Virtue and the Virtual: Introduction to Legal Ethics and Social Media

Ethics and Professional Responsibility

CPD Points 1

Rating:
4.8/5

Lawyers and law firms are increasingly engaging in social media, bringing both opportunities and new and challenging ethical issues. This course examines these issues and provides practical guidance on the topic.

Lawyers and law firms are engaging with social media increasingly both for personal and business purposes.  While there are clear benefits for the profession in engaging with social media, it also exposes lawyers to new and challenging ethical issues.

The course also provides a brief introduction to different types of social networking platforms and discusses the characteristics of social media which increase the likelihood of errors or ethical transgressions being made by lawyers.

The course then examines the specific ethical issues which arise from lawyers increased engagement with social media, and provides practical guidance on how lawyers can avoid ethical transgressions in this context.  The course illustrates this through a series of real life case studies which explore a range of ethical issues lawyers may face when engaging with social media, including:

  • tweeting or blogging about cases and clients, and the potential for breaches of confidentiality;
  • using social media to advocate on behalf of clients outside the courtroom;
  • using social networking sites to access information about witnesses or other parties to proceedings; and
  • Issues arising from judges and lawyers being “friends” on a social networking site.
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Last Updated: February 2022

Author Profile

LawCPD Author: Chris Shanahan SC

Christopher Shanahan SC

Christopher Shanahan SC was admitted to the WA bar in 1984, NSW in 1989 and the High Court of Australia in 1990. He practices as a barrister at Murray Chambers.

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Features

Interactive Content
Self-Paced Completion
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What Lawyers Say

  1. 4.0/5
    Ethical challenges in the Brave New Social Media World
    A very informative course. Some of the split majority decisions or appeal being upheld by the High Court in Christeas Case highlight the complex issues raised.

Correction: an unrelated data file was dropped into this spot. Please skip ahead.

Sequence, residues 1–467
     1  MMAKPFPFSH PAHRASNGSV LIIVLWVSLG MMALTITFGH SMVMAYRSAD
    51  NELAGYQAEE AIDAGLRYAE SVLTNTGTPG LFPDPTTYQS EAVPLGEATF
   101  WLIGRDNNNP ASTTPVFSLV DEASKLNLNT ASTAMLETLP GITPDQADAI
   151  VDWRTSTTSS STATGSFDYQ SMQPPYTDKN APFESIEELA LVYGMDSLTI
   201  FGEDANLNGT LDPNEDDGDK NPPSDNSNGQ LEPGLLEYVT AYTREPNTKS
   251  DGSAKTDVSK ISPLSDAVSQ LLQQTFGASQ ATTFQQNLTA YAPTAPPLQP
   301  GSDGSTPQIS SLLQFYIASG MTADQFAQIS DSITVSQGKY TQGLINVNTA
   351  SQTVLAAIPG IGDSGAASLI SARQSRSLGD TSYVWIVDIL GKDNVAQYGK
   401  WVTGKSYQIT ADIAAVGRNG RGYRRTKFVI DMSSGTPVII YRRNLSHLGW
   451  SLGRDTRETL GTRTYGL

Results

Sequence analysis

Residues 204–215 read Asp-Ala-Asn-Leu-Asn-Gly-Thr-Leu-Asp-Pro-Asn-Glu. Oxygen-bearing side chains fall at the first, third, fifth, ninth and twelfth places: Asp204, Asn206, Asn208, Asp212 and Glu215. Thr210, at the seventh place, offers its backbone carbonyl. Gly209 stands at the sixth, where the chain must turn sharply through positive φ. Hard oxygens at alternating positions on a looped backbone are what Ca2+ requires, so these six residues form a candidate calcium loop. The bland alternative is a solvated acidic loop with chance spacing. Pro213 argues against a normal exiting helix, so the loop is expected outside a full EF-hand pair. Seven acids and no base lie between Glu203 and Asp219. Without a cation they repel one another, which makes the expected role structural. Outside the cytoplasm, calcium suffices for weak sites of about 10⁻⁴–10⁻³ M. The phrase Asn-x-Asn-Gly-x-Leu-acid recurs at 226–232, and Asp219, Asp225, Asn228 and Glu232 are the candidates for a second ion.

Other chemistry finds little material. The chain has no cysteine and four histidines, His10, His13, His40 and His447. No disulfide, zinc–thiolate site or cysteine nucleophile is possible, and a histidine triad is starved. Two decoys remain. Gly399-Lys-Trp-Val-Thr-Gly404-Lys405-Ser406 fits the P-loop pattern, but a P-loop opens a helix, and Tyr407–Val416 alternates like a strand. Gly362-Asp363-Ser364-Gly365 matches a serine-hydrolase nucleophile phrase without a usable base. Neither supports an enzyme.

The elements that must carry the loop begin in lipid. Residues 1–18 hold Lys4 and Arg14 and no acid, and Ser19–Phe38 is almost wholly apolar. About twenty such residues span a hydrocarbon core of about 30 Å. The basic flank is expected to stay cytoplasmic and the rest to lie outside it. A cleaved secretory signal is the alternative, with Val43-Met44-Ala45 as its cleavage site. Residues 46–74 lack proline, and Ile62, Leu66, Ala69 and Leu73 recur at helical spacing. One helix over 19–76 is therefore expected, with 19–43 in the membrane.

- T. Soubris, Solicitor
  2. 5.0/5
    Well Researched and Presented
    Well researched & presented & easy to understand course.
    - R. Tonkin, Solicitor
  3. 5.0/5
    Interesting
    Interesting in showing the application and extension of ethical duties in the digital age.
  4. 5.0/5
    Refreshingly Pertinent. 10 marks to the author!
    Whilst I am a sexagenarian Australian practitioner, I possess an above average awareness (for my age bracket) of social media utilising Facebook, Google my Business and Twitter for professional purposes. Historically, my benchmark for any written communication, indelible or not, has always been the application of the idea "What would the Court think?". Be that as it may, I found this course on the pitfalls of using social media refreshingly pertinent to my obligations and crystallising in my mind the range of duties I must discharge daily in pursuance of the law, the Uniform Australian Solicitors' Conduct Rules and the Legal Profession Act 2007 (Qld). Thank you and 10 marks to the author!
  5. 5.0/5
    Very relevant and helpful.
    This course in particular was very relevant and helpful.
  6. 5.0/5
    Excellent authors, great way to learn.
    This is a great way to learn. Full credit to LawCPD and the excellent authors.
    - Brett Davies
  7. 4.0/5
    Truly appreciate the online format!
    I have found the Nirvana for obtaining CPD points, my days of attending lame conferences and falling asleep at seminars has ended. Truly appreciate the online format!
  8. 5.0/5
    Simple, memorable and interesting.
    Deals with the different forms of social media in a simple and memorable way - also covers many Interesting US cases with relevance to Australia.